The Theory of Value in Business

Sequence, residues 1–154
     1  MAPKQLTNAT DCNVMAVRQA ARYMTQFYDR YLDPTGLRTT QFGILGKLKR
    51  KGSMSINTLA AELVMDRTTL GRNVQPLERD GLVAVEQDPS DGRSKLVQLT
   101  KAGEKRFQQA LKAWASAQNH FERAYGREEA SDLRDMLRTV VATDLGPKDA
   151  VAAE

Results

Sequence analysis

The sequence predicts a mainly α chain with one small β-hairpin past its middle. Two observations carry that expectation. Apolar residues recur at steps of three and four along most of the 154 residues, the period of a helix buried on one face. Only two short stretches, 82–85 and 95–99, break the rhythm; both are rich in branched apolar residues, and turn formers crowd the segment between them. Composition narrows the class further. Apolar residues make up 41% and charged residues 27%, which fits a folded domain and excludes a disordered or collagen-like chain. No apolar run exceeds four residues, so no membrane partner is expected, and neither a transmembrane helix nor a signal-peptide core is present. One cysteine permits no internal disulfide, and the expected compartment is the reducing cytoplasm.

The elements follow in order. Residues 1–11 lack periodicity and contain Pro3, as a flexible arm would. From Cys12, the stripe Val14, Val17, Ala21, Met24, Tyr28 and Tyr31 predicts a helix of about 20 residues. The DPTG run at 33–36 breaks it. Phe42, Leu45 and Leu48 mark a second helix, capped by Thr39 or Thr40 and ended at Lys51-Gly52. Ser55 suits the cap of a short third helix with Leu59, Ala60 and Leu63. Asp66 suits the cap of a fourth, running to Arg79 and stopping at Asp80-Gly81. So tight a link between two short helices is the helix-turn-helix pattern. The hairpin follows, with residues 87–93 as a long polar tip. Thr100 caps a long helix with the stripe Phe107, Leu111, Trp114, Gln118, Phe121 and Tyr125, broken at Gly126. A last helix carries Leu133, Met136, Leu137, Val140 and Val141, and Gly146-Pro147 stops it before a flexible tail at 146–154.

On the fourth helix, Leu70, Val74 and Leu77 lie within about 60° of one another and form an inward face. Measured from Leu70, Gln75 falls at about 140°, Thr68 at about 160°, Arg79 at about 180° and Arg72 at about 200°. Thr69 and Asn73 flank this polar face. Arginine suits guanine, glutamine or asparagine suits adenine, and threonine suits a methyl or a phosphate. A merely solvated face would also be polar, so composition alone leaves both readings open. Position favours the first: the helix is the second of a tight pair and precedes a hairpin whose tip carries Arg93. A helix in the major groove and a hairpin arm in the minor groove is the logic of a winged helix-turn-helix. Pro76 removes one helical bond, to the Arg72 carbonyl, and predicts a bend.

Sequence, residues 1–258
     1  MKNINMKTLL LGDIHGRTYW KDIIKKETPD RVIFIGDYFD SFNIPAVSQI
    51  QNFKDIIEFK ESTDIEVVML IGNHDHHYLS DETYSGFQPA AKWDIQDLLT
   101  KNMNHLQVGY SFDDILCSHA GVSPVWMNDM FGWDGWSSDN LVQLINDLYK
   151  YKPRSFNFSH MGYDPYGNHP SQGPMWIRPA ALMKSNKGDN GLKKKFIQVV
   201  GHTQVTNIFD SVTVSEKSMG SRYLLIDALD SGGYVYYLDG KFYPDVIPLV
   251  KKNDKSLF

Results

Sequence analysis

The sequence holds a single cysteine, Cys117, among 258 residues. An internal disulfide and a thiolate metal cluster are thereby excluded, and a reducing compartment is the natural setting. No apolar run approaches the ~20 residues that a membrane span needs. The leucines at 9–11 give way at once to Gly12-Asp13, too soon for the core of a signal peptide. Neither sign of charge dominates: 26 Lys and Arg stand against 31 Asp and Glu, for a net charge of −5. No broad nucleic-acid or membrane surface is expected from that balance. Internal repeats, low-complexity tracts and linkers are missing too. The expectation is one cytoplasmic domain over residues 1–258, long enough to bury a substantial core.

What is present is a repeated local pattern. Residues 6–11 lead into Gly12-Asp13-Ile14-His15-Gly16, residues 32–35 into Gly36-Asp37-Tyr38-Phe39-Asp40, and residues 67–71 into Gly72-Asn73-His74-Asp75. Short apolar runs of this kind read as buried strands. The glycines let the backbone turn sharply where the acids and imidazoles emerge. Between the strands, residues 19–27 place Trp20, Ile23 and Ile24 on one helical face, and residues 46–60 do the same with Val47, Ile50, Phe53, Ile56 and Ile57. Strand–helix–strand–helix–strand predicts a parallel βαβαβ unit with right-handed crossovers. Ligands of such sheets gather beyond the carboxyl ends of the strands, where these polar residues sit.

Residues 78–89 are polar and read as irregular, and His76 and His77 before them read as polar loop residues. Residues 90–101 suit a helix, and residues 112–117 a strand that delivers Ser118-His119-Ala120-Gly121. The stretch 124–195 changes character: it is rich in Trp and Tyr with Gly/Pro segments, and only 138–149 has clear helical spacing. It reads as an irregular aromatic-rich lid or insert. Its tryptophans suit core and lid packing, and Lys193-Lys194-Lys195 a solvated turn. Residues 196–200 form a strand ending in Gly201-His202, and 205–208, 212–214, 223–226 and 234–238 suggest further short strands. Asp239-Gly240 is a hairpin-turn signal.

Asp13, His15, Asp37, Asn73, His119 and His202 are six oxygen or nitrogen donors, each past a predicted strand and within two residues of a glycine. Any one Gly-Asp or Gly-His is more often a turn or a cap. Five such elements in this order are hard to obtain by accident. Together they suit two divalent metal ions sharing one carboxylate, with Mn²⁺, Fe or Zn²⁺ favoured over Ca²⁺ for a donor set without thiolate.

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Value is used in a central thought in economic theory (Haksever et al., 2004). The key for the value is an ‘exchange’ between two units such as “benefits and sacrifices” (Möller, 2006), “consumer surplus," value for money or optimize used value, but minimize exchange value (sacrifices in terms of price) (Bowman & Ambrosini, 2010). Normann & Ramirez (1993) use the terms co-produce to define the participation of customers in value co-creation that realized value is not created at supplier level, but between customer interactions. Several authors describe value in terms monetary business value whereas others include non-monetary benefits such as market competitiveness, competencies, and social rewards (Walter, Ritter, & Gemünden, 2001) or could be the combination of both business value. Haksever et al. (2004) describe tangible or intangible value may derive from business activities, policies, and regular action of the firm as the power of the product, service, or activity to fulfill a requirement or deliver a profit to a person or legal entity. Those values may positively influence the “quality of life, knowledge, prestige, safety, physical and financial security, as well as providing nutrition, shelter, transportation, income, etc.” (Haksever et al., 2004, pg. 292). These values are meant for stakeholders of the firms such as its customers, suppliers, owners and other firm’s alliances (Bowman & Ambrosini, 2010). Therefore, the role of firm and customers are different, it is a sequence of activities performed by the firm (Vargo et al., 2008). In marketing perspective, Prabhaker (2000) defines a value as a construct that originate from any one of five independent sources including market conditions, product specification, proce... ... middle of paper ... ...value for new product or system development (Rauniar, 2005). As such, there are many researches related to co-creation with customers regarding customer satisfaction (Vega-Vazquez et al., 2013), customer behavior (Yi & Gong, 2013), co-creation mechanism (X. Zhang & Chen, 2008), collaborative network firm (Romero & Molina, 2011) and multi-focus strategy (X. Zhang, Ye, Chen, & Wang, 2011). Although, the prior works listed contribute to value co-creation, however, this research focus on Prahalad & Ramaswamy (2004) proposition by applying the Dialogue, Accessibility, Risk and benefit; and Trust element or in short DART concept as shown in Figure XX. This research is interested in looking how the DART element is affecting each other and is permitting knowledge sharing between firm and customers. The following section discusses the four elements of the DART concept.

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